Acre – 43,560 square feet of land.
Amortization – the gradual repayment of a mortgage loan by installments.
Appraisal – a written analysis of the estimated value of a property prepared by a qualified appraiser.
Appraised value – an opinion of a property’s fair market value, based on an appraiser’s knowledge, experience, and analysis of the property.
Appraiser – a qualified individual who uses his or her experience and knowledge to prepare the appraisal estimate.
ARM, Adjustable Rate Mortgage – a loan subject to changes in interest rates as market conditions change.
Assessed Value – the valuation placed on property by a public tax assessor for purposes of taxation.
Assumable Mortgage – a mortgage that can be taken over by the buyer when a home is sold.
Bridge loan, Swing loan – a form of second trust that is collateralized by the borrower’s present home (which is usually for sale) in a manner that allows the proceeds to be used for closing on a new house before the present home is sold.
Certificate of Title – a document provided by a qualified source (such as a title company) that shows the property legally belongs to the current owner.
Closing, Settlement – a meeting at which a sale of a property is finalized by the buyer and ownership of the property is transferred from the seller to the buyer.
CMA, Comparative Market Analysis, Competitive Market Analysis – a CMA report shows prices of homes that are comparable to a subject home that were recently sold, are currently on the market, or were on the market, but were not sold within the listing period.
Closing Costs – customary costs above and beyond the sale price of the property that must be paid to cover the transfer of ownership at closing.
Comparables, Comp – An abbreviation for “comparable properties”. Comparables are properties like the property under consideration.
Contingency – A condition that must be met before a contract is legally binding.
Credit Report – a report of an individual’s credit history prepared by a credit bureau and used by a lender in determining a loan applicant’s creditworthiness.
Debt-to-Income Ratio – a comparison of gross income to housing and non-housing expenses.
Deed – the document that transfers ownership of a property.
Down Payment – the portion of a home’s purchase price that is paid in cash and is not part of the mortgage loan.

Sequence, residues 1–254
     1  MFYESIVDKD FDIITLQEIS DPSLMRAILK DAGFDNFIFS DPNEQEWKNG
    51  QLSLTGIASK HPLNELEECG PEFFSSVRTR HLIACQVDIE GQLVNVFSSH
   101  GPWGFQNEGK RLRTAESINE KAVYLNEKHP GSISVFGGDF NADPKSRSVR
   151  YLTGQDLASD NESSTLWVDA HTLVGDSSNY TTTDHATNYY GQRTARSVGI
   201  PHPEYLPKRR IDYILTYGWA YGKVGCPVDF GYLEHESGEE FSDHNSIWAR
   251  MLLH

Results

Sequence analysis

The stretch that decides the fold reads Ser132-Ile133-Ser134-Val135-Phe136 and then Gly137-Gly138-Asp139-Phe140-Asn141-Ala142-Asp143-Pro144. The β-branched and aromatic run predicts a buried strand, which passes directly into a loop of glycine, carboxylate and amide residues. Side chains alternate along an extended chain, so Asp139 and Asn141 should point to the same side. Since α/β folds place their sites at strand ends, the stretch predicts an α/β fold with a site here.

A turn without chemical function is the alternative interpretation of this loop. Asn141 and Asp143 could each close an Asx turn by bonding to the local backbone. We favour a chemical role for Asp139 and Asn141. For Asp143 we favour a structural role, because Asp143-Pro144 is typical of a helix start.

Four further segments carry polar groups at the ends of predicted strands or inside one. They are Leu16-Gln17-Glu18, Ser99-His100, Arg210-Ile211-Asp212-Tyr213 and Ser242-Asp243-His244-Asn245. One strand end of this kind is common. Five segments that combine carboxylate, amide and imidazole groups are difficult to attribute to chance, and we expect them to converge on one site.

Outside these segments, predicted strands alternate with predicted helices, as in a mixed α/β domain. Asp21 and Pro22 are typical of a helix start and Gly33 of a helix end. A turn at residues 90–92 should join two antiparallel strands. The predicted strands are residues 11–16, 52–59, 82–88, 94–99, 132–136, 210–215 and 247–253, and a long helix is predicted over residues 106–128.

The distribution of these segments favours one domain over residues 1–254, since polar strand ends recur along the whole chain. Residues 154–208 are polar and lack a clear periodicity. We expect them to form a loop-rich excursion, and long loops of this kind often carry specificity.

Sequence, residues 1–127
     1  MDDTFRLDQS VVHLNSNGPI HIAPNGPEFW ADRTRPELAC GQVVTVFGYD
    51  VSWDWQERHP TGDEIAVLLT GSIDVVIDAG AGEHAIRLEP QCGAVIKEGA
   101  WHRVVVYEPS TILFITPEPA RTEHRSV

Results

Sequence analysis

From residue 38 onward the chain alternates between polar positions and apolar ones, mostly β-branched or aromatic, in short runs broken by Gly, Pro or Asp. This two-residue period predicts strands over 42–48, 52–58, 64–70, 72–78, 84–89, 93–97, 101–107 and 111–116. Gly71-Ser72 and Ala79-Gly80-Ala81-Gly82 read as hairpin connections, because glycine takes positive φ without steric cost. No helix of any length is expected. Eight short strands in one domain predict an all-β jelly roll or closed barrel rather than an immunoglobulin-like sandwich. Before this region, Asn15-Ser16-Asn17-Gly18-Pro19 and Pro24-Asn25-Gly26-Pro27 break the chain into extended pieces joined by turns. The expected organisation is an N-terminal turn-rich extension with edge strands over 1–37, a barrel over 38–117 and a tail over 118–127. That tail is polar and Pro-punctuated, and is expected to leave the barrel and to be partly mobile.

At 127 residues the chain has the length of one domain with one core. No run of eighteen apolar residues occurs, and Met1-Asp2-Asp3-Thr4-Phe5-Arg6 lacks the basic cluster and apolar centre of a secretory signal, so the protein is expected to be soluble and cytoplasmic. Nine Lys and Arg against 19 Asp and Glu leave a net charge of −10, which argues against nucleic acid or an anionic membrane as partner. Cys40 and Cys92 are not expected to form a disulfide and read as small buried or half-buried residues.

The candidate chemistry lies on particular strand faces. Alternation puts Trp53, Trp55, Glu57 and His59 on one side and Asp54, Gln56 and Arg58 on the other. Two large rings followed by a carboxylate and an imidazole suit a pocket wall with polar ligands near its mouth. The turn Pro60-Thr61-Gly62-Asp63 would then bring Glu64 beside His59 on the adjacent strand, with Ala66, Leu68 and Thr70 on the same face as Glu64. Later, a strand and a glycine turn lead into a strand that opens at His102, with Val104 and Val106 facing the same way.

Earnest Money Deposit – money put down by a potential buyer to show that he or she is serious about purchasing the home; it becomes part of the down payment if the offer is accepted, is returned if the offer is rejected, or is forfeited if the buyer pulls out of the deal.
Easement – the right to use the land of another for a specific limited purpose. Examples include utility lines, driveways, and Ingress and Egress. Easements can be temporary or permanent.
Equity – an owner’s financial interest in a property; calculated by subtracting the amount still owed on the mortgage loon(s)from the fair market value of the property.
Escrow – an item of value deposited with a third party to be delivered upon the fulfillment of a condition. For example, the deposit by a borrower with the lender of funds to pay taxes and insurance premiums when they become due, or the deposit of funds or documents with an attorney or escrow agent to be disbursed upon the closing of a sale of real estate.
Escrow Account – a separate account into which the lender puts a portion of each monthly mortgage payment; an escrow account provides the funds needed for such expenses as property taxes, homeowners insurance, mortgage insurance, etc.
Fair Housing Act – a law that prohibits discrimination in all facets of the home buying process on the basis of race, color, national origin, religion, sex, familial status, or disability.
Fair Market Value – the hypothetical price that a willing buyer and seller will agree upon when they are acting freely, carefully, and with complete knowledge of the situation.
Fannie Mae – a publicly traded company and the largest non-bank financial services company in the world. It operates pursuant to a federal charter and is the nation’s largest source of financing for home mortgages.
FDR – Formal Dining Room
FHA Mortgage – a mortgage that is insured by the Federal Housing Administration (FHA).
Flood Insurance – insurance that protects homeowners against losses from a flood; if a home is located in a flood plain, the lender will require flood insurance before approving a loan.
frplc, fplc, FP fireplace
Good Faith Estimate – an estimate of all closing fees including pre-paid and escrow items as well as lender charges; must be given to the borrower within three days after submission of a
Government Mortgage – a mortgage that is insured by the Federal Housing Administration (FHA) or guaranteed by the Department of Veterans Affairs (VA) or the Rural Housing